7 NBA Players with Expiring Contracts Who Will Be Traded This Season
There are a handful of players around the league with expiring contracts who have enough value that they are near certainties to be traded this February (if not sooner). Just because a guy has an expiring contract doesn't mean other teams are going to want him, but if he carries enough value, the cap relief he gives the team acquiring him can make it worth their while.
Only two of the seven players in this slideshow are top tier to-be-courted free agents. The remaining five are guys who have value but can net their respective teams some nice pieces in February if they're able to find the right takers.
José Calderon ($10.5 Million)
Jose Calderon was deemed expendable from the moment Kyle Lowry was obtained this summer. The fact that he just turned in yet another awesome performance in today's (Sunday, Nov 19) win over the Magic really shouldn't and won't change that. I discussed whether or not dealing Calderon would improve the Raptors and was able to come to the conclusion that it certainly would, but that dealing him would prove difficult.
Calderon offers a lot of value to teams in need of a heady floor general, and though he is 31, he still has a lot to offer as either a starter or a backup. The fact is, he's just expendable for the Toronto Raptors because Lowry is the future.
J.J. Redick ($6.2 Million)
J.J. Redick is a fan favorite in Orlando and is having a career year. "So why trade him?" you ask. Simple: Redick is on a reasonable (and expiring) contract and could net a high draft pick. Because Redick is entering his prime, and the Magic are years away from contending, this is the ultimate "sell high" scenario.
If the Magic could net a lottery pick for Redick (reasonable request considering Redick himself was a late lottery pick), GM Rob Hennigan would have no choice but to pull the trigger.
While there is something to be said for keeping fan favorites, particularly while a team is rebuilding, a pick that had the potential to be in the top 10 would be too much to pass up.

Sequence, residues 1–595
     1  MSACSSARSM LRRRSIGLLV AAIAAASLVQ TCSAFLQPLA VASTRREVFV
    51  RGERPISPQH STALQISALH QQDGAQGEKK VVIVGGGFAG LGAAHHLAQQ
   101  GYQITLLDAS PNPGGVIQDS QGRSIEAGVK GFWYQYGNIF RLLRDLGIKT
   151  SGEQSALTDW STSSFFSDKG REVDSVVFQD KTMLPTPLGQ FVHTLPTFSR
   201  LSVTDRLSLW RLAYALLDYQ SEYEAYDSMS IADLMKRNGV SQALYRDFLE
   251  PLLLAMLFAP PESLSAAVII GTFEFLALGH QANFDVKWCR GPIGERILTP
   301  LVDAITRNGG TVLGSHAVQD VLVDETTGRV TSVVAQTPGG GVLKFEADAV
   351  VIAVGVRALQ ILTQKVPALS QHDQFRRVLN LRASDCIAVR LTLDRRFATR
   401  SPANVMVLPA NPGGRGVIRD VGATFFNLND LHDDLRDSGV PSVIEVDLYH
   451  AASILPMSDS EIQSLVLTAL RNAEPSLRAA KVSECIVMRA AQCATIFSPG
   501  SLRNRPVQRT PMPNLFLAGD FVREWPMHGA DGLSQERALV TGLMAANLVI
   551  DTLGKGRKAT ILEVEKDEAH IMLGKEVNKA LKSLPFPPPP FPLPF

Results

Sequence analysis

Stephen Jackson ($10 Million)
Stephen Jackson is all but worthless to the Spurs with Danny Green and Kawhi Leonard both better and younger options. But he's still an expiring contract, and for a team looking to shed salary, the Spurs may ship Jackson off for a piece or two that could help this year.
There's not much to get excited about, because Jackson's future in the league looks pretty bleak, but he has value as an expiring contract.
Josh Smith ($13.2 Million)
There's a lot of uncertainty surrounding the Atlanta Hawks, but one near certainty is that Josh Smith will want nothing to do with their rebuilding. He's given his entire career to the Hawks thus far and seen little to no return on his investment.
Smith hasn't made an All-Star team, hasn't won Defensive Player of the Year (despite year in and year out being one of the best) and the Hawks have yet to get even to the Eastern Conference finals.
Now that they've dismantled the roster in a cap cutting move (see: Joe Johnson deal), Smith has no reason whatsoever to remain loyal to the team. The Hawks will be wise to shop him at the deadline and get as much back as they can, because the chances of Smith re-signing are pretty slim.
Paul Millsap ($8.6 Million)
Both Paul Millsap and his teammate Al Jefferson are two of the more attractive expiring contracts available this year—Millsap, more so. Because Millsap is signed for far less than Jefferson, and has just as much (if not more) value, finding a taker and a nice package in return for him is going to be pretty easy for the Utah Jazz.
In Millsap, they have the kind of talent that should be able to net a high lottery pick and additional prospects in return. He's not a max-contract talent, but he's far above replacement level for a starting power forward and may eventually make an All-Star team or two before his career is over.
Chris Kaman ($8 Million)
Chris Kaman seems like a nice fit in Dallas, but let's be honest: The Dallas Mavericks are not going anywhere this year. There are a number of teams that could use Kaman's services, and Mark Cuban is going to have to let his ego go and rebuild a little.
They couldn't get much for Kaman, but he offers almost nothing that can be built around for the future, so even a couple of second-rounders and a TPE should be enough to take him off Cuban's hands.
Samuel Dalembert ($6.7 Million)
The Milwaukee Bucks have Samuel Dalembert on the books for $6.7 million, and they're playing him under 17 minutes per game. Dalembert is still an effective shot-blocker and defensive player that could play a bigger role on another team.
The fact is, the Bucks have found their answer at center in an unlikely candidate in Larry Sanders, and Sanders is doing an excellent job for the Bucks. Ersan Ilyasova is playing a mysteriously low amount of minutes and underperforming, but that only makes the decision to get rid of Andrew Bogut look bad (or does it?).
It doesn't mean that Dalembert needs to be featured. Eventually, the Bucks will get Ersan integrated properly, and Sanders is looking like a fine option at center. Dalembert is expendable, and the Bucks could get a piece that would serve far greater importance for the time being than to pay six-plus million for a backup center.